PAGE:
Mesenchymal stem cells in peripheral blood of severely injured patients

  • R. Wiegner
  • N.-E. Rudhart
  • E. Barth
  • F. Gebhard
  • L. Lampl
  • M. S. Huber-Lang
  • R. E. Brenner
Original Article



Mesenchymal stem cells (MSCs) are primarily stromal cells present in bone marrow and other tissues that are crucial for tissue regeneration and can be mobilized into peripheral blood after different types of organ damage. However, little is known about MSC appearance in blood in the setting of polytrauma.


We conducted a monocentered and longitudinal observational clinical study in 11 polytraumatized patients with an injury severity score (ISS) ≥ 24 to determine the numbers of MSCs in peripheral blood. Blood was collected from healthy volunteers and patients after polytrauma in the emergency room and 4, 12, 24, 48 h, 5 and 10 day later, and cells carrying MSC-surface markers (negative for CD45, positive for CD29, CD73, CD90, CD105, and CD166 in different combinations also employing the more stringent markers STRO1 and MSCA1) were detected and characterized using flow cytometry. Relative numbers of MSC-like cells were correlated with clinical parameters to evaluate if specific injury patterns had an influence on their presence in the blood cell pool.


We were able to detect MSC marker-positive cells in both cohorts; however, the percentage of those cells present in the blood of patients during the first 10 day after injury was mostly similar to healthy volunteers, and significantly lowers starting at 4 h post trauma for one marker combination when compared to controls. Furthermore, the presence of a pelvis fracture was partly correlated with reduced relative numbers of MSC-like cells detectable in blood.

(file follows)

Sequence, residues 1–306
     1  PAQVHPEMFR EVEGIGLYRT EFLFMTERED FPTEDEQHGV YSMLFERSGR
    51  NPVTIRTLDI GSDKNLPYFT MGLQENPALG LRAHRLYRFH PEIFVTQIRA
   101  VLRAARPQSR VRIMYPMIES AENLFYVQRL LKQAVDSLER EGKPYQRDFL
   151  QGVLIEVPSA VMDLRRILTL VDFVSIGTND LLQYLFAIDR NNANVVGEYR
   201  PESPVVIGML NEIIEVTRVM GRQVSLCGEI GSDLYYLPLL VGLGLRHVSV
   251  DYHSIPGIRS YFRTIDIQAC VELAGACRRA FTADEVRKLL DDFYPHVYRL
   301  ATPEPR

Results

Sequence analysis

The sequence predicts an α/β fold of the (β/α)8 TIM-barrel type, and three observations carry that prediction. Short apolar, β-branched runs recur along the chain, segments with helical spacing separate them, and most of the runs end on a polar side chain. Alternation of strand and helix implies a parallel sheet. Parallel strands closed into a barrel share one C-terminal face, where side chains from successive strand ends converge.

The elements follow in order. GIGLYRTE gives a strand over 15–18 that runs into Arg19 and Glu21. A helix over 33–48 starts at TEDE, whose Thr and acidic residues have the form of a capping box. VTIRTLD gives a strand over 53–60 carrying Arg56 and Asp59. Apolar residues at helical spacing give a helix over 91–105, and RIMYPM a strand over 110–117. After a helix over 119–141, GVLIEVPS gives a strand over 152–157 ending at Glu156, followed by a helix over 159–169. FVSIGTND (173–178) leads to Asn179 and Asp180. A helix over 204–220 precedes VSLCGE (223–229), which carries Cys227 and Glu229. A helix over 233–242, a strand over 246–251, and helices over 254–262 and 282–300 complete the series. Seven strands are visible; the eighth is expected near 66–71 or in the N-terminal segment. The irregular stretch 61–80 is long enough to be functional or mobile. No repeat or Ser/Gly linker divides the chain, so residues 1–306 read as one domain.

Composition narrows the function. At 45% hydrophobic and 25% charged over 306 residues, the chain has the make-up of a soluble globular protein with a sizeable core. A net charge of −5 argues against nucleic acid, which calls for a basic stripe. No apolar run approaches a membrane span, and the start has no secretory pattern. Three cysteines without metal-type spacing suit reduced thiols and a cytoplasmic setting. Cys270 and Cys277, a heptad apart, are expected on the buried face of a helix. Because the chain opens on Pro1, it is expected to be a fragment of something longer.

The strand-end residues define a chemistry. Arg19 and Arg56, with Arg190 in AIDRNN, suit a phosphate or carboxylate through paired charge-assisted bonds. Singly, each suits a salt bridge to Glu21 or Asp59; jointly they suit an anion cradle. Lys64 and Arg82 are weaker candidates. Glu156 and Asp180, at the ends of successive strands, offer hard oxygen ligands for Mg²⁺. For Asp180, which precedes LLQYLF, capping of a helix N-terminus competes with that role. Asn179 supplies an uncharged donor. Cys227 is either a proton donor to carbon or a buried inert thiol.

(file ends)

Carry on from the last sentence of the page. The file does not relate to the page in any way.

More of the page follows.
Polytrauma in humans was associated with partly reduced relative numbers of MSC-like cells detected in peripheral blood in the time course after injury. Further studies need to define if this reduction was due to lower mobilization from the bone marrow or to active migration to the sites of injury.


Mesenchymal stem cells MSC-like cells Trauma Polytrauma Fracture 



This work was supported in part by a research grant from the German Ministry of Defense, Berlin, Germany (Vertragsforschungsvorhaben AZ E/U2AD/CD525/DF559).

Compliance with ethical standards

Conflict of interest

Rebecca Wiegner, Nina-Emily Hengartner, Eberhard Barth, Florian Gebhard, Lorenz Lampl, Markus S. Huber-Lang, and Rolf E. Brenner declare that they have no conflict of interest.

Statement of human and animal rights

All procedures performed in studies involving human participants were in accordance with the ethical standards of the institutional and/or national research committee and with the 1964 Helsinki declaration and its later amendments or comparable ethical standards.

Informed consent

Informed consent was obtained from all individual participants included in the study.


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Copyright information

© Springer-Verlag GmbH Germany 2017

Authors and Affiliations

  • R. Wiegner
    • 1
  • N.-E. Rudhart
    • 2
  • E. Barth
    • 3
  • F. Gebhard
    • 4
  • L. Lampl
    • 5
  • M. S. Huber-Lang
    • 1
  • R. E. Brenner
    • 2
  1. 1.Institute of Clinical and Experimental Trauma ImmunologyUniversity Hospital UlmUlmGermany
  2. 2.Department of Orthopedics, Division for Biochemistry of Joint and Connective Tissue DiseasesUniversity of UlmUlmGermany
  3. 3.Department of AnesthesiologyUniversity Hospital of UlmUlmGermany
  4. 4.Department of Orthopedic Trauma, Hand-, Plastic- and Reconstructive SurgeryUniversity Hospital of UlmUlmGermany
  5. 5.Department of AnesthesiologyMilitary Hospital UlmUlmGermany

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